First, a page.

The majority of the research on dental health and fertility has been done in men. However, scientists are beginning to look at how female fertility may be impacted by oral health.
In a study of 3,737 pregnant women in Australia, researchers examined whether the periodontal disease was associated with more difficulty conceiving. Of the women surveyed, they only included those who had planned pregnancies. They also excluded women who conceived with fertility treatments. (Therefore, we can’t determine how periodontal disease would impact women with diagnosed infertility from this study.)
Women with the periodontal disease took an average of 7.1 months to get pregnant. However, women without periodontal disease spent on average 5 months trying to get pregnant. Periodontal disease increased the time to conception by two months.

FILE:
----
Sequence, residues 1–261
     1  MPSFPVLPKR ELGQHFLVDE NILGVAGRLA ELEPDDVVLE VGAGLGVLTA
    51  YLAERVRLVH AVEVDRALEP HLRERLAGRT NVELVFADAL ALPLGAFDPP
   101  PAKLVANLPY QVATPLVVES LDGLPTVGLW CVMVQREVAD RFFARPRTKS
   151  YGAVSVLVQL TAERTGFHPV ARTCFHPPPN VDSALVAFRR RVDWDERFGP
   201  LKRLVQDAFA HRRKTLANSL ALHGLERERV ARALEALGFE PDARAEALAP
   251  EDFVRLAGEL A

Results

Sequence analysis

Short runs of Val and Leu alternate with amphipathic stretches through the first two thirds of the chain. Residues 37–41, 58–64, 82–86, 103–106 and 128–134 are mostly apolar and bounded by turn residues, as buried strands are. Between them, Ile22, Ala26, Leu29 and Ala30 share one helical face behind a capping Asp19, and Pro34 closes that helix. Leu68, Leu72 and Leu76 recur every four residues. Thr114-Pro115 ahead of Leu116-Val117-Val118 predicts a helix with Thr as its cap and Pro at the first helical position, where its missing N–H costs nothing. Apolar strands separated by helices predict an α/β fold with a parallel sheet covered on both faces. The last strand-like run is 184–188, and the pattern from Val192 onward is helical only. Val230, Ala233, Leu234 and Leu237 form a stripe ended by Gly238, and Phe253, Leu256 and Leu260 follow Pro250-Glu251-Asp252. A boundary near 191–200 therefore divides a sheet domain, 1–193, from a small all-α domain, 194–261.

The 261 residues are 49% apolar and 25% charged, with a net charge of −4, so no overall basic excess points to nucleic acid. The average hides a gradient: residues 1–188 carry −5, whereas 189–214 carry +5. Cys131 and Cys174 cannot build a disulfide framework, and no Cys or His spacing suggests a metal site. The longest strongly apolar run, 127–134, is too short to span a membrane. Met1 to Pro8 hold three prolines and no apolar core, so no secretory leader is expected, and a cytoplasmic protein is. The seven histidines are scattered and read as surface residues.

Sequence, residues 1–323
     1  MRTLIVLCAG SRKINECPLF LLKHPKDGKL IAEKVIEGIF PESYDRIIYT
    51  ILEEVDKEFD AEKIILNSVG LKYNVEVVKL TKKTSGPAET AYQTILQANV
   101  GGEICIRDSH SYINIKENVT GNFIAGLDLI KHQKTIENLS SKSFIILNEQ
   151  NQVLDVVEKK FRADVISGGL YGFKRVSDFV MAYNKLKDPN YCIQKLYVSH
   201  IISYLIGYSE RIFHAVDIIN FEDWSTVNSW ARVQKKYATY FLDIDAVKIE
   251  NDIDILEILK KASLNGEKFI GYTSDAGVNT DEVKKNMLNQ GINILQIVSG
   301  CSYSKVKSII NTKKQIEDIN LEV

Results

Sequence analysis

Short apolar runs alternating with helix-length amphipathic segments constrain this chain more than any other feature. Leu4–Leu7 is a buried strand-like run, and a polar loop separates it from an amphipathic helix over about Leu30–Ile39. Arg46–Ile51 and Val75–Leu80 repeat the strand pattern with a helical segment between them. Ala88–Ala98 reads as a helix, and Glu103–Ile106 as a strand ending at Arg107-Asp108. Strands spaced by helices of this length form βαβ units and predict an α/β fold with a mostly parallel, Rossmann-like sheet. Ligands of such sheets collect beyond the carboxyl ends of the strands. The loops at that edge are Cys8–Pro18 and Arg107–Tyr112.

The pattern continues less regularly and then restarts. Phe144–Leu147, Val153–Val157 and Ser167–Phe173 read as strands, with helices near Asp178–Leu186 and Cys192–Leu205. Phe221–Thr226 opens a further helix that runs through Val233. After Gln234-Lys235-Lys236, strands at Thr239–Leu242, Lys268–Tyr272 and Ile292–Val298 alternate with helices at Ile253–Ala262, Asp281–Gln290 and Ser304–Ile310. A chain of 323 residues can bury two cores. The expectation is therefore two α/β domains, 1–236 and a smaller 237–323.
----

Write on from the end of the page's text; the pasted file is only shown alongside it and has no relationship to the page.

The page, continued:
It’s important to point out that this statistically significant increase in time-to-conception only was found in non-Caucasian women. In Caucasian women, there was also an increase in time to conception, but it was not considered to be statistically significant.
Why might this be? Ethnicity is a known risk factor for periodontal disease, along with other genetic factors. It is possible that non-Caucasian women have immune systems that are more susceptible to periodontal disease, and are also more likely to deal with the related health consequences of gum disease.
Periodontal Disease and Reduced Fertility?